If you, as well as Magnus say it's mostly seamless to switch from Sqlite/3 to MySQL or PostgreSQL for that matter, then i'll just stick with Sqlite3 until that time is reached and continue on what I'm doing and quit all these troubles I'm having on my Database management system decision making :P Thanks :) -- this is basically the same post as to Hisako, but you both helped me superbly ;) -- –  Whenyouforgetapassword Jan 14 '13 at 16:41

DISCLAIMER: My opinion is completely bias as I have used mysql since it first came out.

Your question brings in another argument about how your development environment should be setup. A number of individuals will argue that you should be using the same dbms in development as you do in testing/production. This is totally dependent upon what you're doing in the first place. Sqlite will work fine, on development, in most cases.

I've personally been involved with more sites using MySql and MsSql than Postgres.

I was involved in a project that scrubbed the National Do-Not-Call list against client numbers. We stored that data locally. Some area codes easily have over 5 million records. The app was initially written in .Net using MsSql. It was "not-so-fast". I changed it to use PHP and MySql (Sad says before I found out about Ruby). It would insert/digest 5 million rows in(about) 3 seconds. Which was infinitely faster than processing it through MsSql. We also stored call log data in tables that would grow to 20 million records in less than a day. MySql handled everything we threw at it like a champ. The processing naturally took a hit when we setup replication but it was such a small one that we ignored it.

It really comes down to your project and what solution fits the need of the project.

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Honestly I'm trying to avoid MySQL after reading a few articles about MySQL's negative sides. I'm not any fan boy of others and then insulting MySQL users, it's just that it seems so widely used that I want to not use it.Use something a little newer.Though the biggest reason is that I don't know how to set it up with rails nor do I want to, but if I wanted to I wouldn't have known how, but again I could have done some searches and answers would be found. Anyway, I guess MySQL is good, but it just doesn't lure me to it for some dumb reason. I did use it one time though with PHP.:PThanks anyway! –  Whenyouforgetapassword Jan 14 '13 at 16:52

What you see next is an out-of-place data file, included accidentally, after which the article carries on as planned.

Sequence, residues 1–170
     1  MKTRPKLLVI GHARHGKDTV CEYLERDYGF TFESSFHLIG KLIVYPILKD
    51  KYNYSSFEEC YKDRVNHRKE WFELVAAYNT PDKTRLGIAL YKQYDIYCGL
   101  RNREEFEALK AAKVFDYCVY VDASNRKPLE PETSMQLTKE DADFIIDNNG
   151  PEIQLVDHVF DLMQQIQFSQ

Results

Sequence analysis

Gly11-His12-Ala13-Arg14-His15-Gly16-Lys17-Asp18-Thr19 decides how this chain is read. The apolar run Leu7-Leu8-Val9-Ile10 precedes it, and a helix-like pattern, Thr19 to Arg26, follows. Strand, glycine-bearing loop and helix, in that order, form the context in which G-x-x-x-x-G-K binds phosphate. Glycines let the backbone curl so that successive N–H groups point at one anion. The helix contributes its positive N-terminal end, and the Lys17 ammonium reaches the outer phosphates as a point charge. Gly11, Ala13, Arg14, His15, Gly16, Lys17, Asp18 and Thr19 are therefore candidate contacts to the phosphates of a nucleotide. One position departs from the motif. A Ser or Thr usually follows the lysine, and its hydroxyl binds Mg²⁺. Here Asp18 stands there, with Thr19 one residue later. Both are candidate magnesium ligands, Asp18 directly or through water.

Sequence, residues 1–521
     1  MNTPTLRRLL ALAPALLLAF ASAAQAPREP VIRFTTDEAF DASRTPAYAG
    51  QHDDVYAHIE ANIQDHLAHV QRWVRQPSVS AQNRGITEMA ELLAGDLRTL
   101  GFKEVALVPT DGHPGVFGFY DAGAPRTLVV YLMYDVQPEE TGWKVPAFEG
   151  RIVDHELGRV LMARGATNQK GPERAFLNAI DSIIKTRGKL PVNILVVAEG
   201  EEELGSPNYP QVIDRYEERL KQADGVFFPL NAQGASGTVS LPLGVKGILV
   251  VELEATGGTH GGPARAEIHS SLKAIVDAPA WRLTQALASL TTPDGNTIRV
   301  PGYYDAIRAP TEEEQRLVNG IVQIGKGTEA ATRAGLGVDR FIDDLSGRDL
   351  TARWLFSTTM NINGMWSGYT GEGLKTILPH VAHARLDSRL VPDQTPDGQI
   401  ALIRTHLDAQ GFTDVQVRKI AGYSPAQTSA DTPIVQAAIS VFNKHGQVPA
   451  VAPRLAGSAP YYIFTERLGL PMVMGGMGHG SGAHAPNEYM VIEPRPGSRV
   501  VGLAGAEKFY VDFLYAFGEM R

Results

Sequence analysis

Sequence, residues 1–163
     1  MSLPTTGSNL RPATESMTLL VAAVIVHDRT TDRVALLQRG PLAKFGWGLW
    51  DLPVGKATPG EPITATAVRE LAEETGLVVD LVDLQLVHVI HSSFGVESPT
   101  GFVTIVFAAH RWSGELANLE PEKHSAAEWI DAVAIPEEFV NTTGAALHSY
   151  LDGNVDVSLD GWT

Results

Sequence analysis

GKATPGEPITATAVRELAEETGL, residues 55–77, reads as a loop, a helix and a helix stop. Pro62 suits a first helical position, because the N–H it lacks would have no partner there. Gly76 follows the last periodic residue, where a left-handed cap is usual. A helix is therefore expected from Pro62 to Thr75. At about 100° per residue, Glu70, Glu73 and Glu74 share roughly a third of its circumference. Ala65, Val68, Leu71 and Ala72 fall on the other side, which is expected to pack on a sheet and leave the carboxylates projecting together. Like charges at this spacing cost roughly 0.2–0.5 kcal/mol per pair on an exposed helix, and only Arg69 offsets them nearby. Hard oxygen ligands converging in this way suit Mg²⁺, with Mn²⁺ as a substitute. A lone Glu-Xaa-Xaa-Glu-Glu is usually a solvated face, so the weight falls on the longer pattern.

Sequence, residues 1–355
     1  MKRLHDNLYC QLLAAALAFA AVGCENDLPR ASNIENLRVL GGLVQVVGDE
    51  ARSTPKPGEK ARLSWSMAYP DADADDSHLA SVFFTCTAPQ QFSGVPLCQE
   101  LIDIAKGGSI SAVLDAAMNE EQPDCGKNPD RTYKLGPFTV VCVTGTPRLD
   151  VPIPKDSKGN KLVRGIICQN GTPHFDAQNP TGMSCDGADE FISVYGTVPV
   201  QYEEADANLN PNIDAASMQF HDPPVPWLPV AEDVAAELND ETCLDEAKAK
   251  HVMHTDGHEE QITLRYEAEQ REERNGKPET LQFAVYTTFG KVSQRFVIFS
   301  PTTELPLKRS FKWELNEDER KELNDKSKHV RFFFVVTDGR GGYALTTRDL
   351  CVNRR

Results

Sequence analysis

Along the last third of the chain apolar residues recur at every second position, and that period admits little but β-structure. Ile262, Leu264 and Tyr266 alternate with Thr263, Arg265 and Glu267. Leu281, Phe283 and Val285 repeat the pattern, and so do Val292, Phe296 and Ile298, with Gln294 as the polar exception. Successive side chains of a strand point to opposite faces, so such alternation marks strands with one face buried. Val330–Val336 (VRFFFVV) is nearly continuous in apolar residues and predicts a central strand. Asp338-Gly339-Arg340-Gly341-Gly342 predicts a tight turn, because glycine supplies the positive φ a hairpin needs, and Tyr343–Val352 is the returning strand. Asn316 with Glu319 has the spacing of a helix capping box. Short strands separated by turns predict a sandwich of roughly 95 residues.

Setting it up with Rails is as simple as installing Mysql, adding the mysql gem to your Gemfile, and finally setting up the database.yml. You could check into the Nosql genre. What you ultimately end up using is whatever is the best solution for your project. We use Oracle but that's only because we have 100's of millions of records and 10,000 different things firing off at the same time. I wouldn't suggest using it unless you're a Fortune 10 company. Even then we could setup a mysql farm and drop Oracle. –  Chapley Watson Jan 14 '13 at 17:00
    
We? Are you some kind of moderator on StackOverflow. But anyways Magnus and Hitasu told be about the easiness of converting and changing to other databases from Sqlite3, so if I ever need to change to MySQL I'll just swap :D –  Whenyouforgetapassword Jan 14 '13 at 17:03
    
No, the company I work for is a large corp. You really need to try out as much of the different technologies that you can. It'll come in handy later when you need to figure out what is right for your particular project. –  Chapley Watson Jan 14 '13 at 17:32
    
I'll experiment to my heart's content ;) Gracias! –  Whenyouforgetapassword Jan 14 '13 at 18:38